OU Professor: Ricin Letters Not Effective At Spreading Substance

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An Ohio University forensic chemistry professor says the letters tainted with what preliminary tests indicate is ricin, does not pose a widespread threat to public safety.

“I would say it really isn't cause for alarm,” Peter Harrington, professor of forensic chemistry said. “But I think it does get sensationalized in the news and scares a lot of people.”

Harrington said the letters are not an effective means of spreading the deadly substance.

“It is actually a challenge because if you think about it during the mail process the powder gets pressed into the envelope,” he said. “So it all depends on if you open the envelope up very vigorously then you might a chance for the powder to be dispersed in the air.”

Preliminary test results on two letters came back positive for ricin.  Harrington said mail handlers are at the most risk for exposure.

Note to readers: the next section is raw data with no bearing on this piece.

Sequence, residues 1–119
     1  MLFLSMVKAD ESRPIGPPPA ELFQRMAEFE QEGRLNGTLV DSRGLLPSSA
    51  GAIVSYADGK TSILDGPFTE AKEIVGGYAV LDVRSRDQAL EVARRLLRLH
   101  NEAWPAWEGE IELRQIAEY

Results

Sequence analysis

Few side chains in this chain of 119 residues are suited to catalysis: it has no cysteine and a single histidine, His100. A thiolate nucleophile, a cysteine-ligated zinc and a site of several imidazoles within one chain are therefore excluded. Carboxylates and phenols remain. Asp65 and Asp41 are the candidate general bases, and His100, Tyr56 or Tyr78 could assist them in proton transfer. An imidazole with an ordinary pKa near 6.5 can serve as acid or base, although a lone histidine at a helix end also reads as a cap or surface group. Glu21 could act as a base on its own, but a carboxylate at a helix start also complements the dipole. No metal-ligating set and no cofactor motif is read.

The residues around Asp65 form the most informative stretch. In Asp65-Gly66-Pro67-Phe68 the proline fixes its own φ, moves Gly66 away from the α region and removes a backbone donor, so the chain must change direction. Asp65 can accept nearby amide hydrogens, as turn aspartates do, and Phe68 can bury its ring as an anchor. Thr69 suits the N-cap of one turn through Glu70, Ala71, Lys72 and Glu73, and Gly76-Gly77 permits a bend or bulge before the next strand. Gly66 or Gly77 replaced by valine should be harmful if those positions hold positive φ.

The letters were postmarked Memphis, Tenn., on April 8.

One was sent to President Barack Obama. The other was sent to Mississippi Republican Sen. Roger Wicker.

Experts say nearly all cases when early tests show the presence of ricin turn out to be false alarms.

A draft of a 2010 Homeland Security Department handbook lists only one person killed by ricin.  That was a political assassination of a Bulgarian dissident in 1978.  He was injected with a ricin pellet by way of a specialized secret-agent-style umbrella.

Ricin is derived from the castor plant which is used to make castor oil.